Fragmented secret keys
Using a cryptographic trick known as secret splitting, a secret bitcoin key is split into many fragments. A certain number of them (m-necessary fragments out of n-existing ones) are needed to recover the key. For example, a secret key can be split into 5 fragments, but 3 fragments out of 5 are needed to fully recover the key. None of the fragments by themselves contain any meaningful information about the key as a whole. This strategy is very useful for highly secure bitcoin storage, since the participating companies can store each fragment in a separate secure location. If one of the fragments is damaged or compromised, the storage remains secure. In addition, other fragments can be used to move bitcoins to a new address. Several different cryptographic protocols are used to implement this method in practice. The most popular is Shamir’s scheme, whose original implementations can be easily found on the Internet.
A hardware wallet is a relatively new method of storing bitcoins. It is a small electronic device that fits easily in a pocket and stores secret keys in a way that they cannot be removed. A hardware wallet operates similarly to the offline computer described earlier. However, it is certainly more convenient because you can plug it into a computer connected to the Internet.
Your bitcoins are not at risk in doing so, even if the computer itself is infected with a virus. When you send bitcoins through your wallet program, the transaction is signed using a hardware wallet, which is usually implemented with the click of a button. The hardware wallet uses a secret key stored on it to sign the transaction, which is then sent to a computer connected to the Internet. An example of a hardware wallet is Trezor.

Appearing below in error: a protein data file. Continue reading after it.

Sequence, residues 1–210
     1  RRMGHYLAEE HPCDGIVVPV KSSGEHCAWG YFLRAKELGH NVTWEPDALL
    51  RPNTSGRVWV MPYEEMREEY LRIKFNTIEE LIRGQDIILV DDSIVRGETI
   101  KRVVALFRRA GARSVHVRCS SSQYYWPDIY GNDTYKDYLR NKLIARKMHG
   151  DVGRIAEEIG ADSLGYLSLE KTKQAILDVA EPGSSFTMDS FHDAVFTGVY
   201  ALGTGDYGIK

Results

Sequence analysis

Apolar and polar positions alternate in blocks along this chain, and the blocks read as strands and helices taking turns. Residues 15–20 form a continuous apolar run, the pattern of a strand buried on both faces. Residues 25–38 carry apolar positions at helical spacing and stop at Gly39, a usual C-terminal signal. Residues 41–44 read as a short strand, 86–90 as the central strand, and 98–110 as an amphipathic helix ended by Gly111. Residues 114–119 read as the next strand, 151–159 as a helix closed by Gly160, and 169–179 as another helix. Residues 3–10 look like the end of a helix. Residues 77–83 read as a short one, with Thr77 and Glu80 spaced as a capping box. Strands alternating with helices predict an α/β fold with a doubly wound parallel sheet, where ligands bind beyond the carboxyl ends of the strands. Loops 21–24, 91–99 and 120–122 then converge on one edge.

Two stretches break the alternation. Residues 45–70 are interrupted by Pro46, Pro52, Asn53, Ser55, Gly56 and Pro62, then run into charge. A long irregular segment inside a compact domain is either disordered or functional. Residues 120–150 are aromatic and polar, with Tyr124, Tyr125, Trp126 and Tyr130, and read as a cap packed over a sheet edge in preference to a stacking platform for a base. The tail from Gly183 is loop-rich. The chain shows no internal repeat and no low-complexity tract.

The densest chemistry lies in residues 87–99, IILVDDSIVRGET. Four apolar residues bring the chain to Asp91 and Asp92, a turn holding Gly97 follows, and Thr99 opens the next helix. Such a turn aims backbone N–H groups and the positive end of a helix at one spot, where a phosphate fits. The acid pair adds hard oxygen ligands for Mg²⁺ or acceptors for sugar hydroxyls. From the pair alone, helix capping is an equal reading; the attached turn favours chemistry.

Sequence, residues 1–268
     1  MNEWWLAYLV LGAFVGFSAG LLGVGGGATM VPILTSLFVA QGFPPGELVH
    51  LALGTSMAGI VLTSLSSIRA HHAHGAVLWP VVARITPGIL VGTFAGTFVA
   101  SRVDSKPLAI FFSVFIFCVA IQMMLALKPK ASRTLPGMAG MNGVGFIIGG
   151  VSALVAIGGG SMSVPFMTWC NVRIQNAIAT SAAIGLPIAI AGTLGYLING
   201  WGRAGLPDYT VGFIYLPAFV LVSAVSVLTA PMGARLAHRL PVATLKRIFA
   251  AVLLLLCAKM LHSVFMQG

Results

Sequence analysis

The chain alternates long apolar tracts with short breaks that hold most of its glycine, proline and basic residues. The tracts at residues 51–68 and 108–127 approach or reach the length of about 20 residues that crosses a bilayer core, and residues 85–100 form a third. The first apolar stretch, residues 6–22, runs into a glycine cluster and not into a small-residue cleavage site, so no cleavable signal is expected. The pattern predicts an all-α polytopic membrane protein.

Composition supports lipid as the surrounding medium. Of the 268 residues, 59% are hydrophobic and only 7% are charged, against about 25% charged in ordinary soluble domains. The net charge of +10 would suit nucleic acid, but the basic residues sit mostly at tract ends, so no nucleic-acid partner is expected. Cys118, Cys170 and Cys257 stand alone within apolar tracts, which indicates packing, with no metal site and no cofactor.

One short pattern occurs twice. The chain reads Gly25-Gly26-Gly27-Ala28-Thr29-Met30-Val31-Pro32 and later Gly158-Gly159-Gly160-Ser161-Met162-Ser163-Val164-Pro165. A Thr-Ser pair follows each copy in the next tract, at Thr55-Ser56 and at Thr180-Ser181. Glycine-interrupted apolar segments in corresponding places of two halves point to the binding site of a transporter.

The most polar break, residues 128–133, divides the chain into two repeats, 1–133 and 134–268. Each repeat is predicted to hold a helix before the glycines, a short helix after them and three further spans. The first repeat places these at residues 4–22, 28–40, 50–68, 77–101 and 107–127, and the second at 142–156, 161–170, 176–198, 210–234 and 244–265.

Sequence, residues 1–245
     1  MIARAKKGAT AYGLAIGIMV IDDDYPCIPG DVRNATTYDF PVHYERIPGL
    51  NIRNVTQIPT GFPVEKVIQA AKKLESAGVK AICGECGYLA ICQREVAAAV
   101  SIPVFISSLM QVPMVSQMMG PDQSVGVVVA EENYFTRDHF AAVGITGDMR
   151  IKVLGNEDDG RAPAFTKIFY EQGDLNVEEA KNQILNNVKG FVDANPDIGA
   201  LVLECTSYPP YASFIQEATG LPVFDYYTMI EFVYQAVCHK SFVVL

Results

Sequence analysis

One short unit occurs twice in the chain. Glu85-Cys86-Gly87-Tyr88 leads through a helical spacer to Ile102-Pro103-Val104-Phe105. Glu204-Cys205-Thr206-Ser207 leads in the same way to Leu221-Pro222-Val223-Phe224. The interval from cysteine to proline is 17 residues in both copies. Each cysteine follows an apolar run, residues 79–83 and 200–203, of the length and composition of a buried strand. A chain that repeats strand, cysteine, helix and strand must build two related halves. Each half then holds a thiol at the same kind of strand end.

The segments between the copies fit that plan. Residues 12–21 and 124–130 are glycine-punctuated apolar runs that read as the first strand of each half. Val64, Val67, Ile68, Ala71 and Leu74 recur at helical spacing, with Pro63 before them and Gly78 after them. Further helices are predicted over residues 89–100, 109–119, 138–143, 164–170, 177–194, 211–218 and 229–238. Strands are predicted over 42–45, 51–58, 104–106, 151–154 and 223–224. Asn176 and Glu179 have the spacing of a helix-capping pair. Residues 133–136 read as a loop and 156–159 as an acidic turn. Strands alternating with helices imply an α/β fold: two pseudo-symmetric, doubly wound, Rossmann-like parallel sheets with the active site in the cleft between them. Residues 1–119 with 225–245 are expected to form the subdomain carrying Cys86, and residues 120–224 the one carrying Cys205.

This method is almost as easy and convenient as using a regular hot wallet. It is much more secure because your secret keys will not be exposed to the Internet in any way. Your bitcoins, in this case, are always in cold storage. One of the disadvantages is that you will need to pay a lot of money for the device itself. Another disadvantage is the possibility of losing the device, which may also lead to loss of your funds (although, hardware wallets allow you to restore access to the address using a pre-recorded phrase). While hardware wallets are a great combination of convenience and security, you may not want to rely solely on this method: there is no data yet on the durability of the device